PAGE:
6 Ways to Avoid and Manage a Sugar Overload

Published on October 26, 2016 by Dr. NavNirat Nibber

Halloween is right around the corner and so are the scary, sugary, spirits. Sometimes our curiosity gets the best of us and we find ourselves reaching into the candy cauldron. These six tips can help you manage the sweetness overload after a sugar binge:

1. Glycemic load vs glycemic index: The most effective way to avoid a sugar overload is simply to avoid foods with a lot of sugar. Sounds easy, right? Well it’s harder than it sounds. That being said you can make healthier choices by considering both the glycemic index (GI)  and the glycemic load (GL) of a food.
Note: GI = how fast the carbohydrates in a food are broken down into sugars and enter your bloodstream. GL = the amount of carbohydrates (i.e. sugars) in a serving of that particular food.         
The goal is to consume foods with low GL and low GI. But the glycemic load is typically a more accurate indicator, as it considers the actual amount of sugars in the food. High GI foods will rapidly increase blood glucose levels and the subsequent insulin response.
Carrots are a prime example. They have a medium-to-high GI, with a low GL. Meaning that while the sugars that exist are quickly absorbed, there isn’t a high sugar content to begin with. Compared to a 4oz bag of potato chips that has a high GI level (54) and a high GL level (30).Before you reach for a snack on Halloween night check out this comprehensive list of common foods and their respective GI’s and GL’s per serving here.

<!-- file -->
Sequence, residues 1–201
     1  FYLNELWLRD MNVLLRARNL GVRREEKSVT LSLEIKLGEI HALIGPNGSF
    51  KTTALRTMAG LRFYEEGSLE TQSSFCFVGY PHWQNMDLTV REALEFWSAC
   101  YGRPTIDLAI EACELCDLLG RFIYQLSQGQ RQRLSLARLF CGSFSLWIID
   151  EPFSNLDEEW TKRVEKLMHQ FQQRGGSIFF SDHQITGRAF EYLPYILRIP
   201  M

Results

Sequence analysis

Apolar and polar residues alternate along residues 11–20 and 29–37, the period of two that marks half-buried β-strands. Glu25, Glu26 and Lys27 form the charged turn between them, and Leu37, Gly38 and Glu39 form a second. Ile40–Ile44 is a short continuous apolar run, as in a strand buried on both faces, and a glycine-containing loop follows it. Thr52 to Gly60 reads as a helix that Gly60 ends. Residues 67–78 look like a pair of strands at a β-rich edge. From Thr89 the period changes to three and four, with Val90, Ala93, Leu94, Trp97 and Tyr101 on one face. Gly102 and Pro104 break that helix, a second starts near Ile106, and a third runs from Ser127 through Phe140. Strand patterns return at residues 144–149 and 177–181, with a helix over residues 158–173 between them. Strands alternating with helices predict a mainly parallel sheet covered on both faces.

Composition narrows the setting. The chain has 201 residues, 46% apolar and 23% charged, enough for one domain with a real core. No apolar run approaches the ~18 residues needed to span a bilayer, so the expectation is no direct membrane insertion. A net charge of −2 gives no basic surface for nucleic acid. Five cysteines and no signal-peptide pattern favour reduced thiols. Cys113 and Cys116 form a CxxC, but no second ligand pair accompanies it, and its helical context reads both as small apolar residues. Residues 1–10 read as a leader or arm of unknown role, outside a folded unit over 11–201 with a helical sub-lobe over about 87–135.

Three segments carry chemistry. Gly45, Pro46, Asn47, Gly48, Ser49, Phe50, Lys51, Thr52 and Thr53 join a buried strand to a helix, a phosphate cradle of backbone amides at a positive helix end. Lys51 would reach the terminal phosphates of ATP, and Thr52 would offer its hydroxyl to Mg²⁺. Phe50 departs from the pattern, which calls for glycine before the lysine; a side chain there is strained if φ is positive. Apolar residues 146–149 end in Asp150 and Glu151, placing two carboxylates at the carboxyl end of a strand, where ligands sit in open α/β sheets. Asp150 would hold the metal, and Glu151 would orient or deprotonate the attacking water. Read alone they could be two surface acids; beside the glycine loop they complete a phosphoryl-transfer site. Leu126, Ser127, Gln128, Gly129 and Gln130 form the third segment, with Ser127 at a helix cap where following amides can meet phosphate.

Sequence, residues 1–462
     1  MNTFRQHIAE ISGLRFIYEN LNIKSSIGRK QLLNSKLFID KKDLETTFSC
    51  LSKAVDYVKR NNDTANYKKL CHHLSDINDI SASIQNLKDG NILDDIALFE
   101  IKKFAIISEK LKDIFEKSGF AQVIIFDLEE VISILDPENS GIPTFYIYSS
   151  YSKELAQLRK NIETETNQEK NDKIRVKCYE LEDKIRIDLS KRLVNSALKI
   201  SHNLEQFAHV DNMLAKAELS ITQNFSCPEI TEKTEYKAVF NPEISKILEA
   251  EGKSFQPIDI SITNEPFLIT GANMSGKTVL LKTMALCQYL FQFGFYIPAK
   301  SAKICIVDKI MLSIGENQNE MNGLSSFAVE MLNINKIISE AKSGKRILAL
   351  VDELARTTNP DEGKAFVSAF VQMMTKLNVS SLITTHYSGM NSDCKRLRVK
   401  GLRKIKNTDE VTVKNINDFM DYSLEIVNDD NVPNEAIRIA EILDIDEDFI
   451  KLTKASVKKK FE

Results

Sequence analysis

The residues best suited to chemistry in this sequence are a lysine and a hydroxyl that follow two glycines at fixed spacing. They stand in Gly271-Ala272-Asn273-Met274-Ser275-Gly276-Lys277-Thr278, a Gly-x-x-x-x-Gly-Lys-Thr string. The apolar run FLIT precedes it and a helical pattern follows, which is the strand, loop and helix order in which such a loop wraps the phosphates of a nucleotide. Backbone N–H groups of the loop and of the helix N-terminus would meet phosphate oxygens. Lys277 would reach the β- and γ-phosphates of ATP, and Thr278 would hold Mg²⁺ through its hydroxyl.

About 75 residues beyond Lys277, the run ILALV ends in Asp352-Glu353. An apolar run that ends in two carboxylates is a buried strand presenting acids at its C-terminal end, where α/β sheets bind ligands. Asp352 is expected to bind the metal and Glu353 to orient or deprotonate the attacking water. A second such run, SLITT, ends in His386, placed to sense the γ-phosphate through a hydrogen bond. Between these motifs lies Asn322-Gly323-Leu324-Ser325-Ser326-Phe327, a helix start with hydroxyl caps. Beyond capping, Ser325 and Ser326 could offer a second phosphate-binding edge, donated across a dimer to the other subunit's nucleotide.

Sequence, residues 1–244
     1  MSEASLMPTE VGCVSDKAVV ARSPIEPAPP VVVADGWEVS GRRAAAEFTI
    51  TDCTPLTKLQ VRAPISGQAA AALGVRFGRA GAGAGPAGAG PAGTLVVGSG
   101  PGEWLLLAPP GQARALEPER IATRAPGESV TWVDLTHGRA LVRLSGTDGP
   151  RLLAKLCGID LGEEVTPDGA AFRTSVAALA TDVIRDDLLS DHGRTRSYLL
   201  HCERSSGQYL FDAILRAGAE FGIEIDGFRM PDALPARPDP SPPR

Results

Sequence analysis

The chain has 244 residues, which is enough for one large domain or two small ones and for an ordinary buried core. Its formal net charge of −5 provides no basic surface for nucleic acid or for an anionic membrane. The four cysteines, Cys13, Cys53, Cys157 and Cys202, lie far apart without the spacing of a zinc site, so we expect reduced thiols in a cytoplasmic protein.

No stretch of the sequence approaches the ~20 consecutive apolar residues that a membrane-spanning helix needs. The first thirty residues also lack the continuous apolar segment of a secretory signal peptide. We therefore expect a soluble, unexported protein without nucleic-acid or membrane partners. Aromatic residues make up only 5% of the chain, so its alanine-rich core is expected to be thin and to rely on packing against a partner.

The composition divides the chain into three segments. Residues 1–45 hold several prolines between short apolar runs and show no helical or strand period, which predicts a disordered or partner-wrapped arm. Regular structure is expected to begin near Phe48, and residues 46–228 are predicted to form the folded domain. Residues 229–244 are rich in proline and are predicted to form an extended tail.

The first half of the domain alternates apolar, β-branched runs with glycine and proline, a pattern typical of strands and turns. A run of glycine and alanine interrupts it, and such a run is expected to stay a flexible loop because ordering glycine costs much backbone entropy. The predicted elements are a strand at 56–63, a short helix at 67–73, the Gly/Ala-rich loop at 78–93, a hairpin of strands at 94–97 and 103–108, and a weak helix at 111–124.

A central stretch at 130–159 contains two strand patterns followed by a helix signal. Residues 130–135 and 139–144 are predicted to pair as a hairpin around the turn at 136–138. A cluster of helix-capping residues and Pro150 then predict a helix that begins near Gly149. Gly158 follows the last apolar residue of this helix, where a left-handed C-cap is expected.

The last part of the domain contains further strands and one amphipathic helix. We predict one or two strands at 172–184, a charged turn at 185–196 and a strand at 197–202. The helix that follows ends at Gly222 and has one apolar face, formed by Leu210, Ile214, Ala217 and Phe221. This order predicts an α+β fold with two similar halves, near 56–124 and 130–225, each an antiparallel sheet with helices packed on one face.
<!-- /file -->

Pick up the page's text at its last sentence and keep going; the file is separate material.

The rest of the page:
2. The “Sugar Killer”: Gymnema sylvestre extract comes from a herb is thought to help you manage your sweet tooth by effectively numbing your taste buds. The leaves of Gymnema sylvestre contains a small peptide, called gurmarin, which quenches the sweet taste sensation hence its reputation for being the “sugar killer” in India.

3. Jujube Leaves: No, not the jujubes you are thinking of. The Chinese jujube tree leaves, Ziziphus jujuba, have been used for over 2000 years for various reasons (i.e. curing a number of conditions such as indigestion, to being used as a sedative). Much like the gymnema plant, the leaves of the jujube tree are traditionally used to limit sweet intake due to the presence of ziziphin. Unlike gumarin in gymnema the ziziphin is a shorter acting and highly sweet specific suppressant.

4. Cinnamon: Cinnamon has long been hailed as a blood sugar management tool. A study conducted in 2015 considered the blood glucose levels in non-diabetic adults following a meal with and without cinnamon tea. Researchers found that ingesting cinnamon tea (from C.burmannii) would lower postprandial glucose concentration (the amount of a type of sugar, called glucose, in the blood after a meal.) Another study examined the effect of 6g of ground cinnamon on the postprandial glucose response and improved insulin sensitivity. The proposed mechanism of action has to do with the dietary polyphenols in cinnamon; these are also found in high amounts in berries, legumes and green and black tea. These polyphenols are thought to block enzymes that digest carbohydrates into sugars, inhibit glucose absorption and release from the liver, stimulate insulin secretion (to help cells uptake glucose that is present).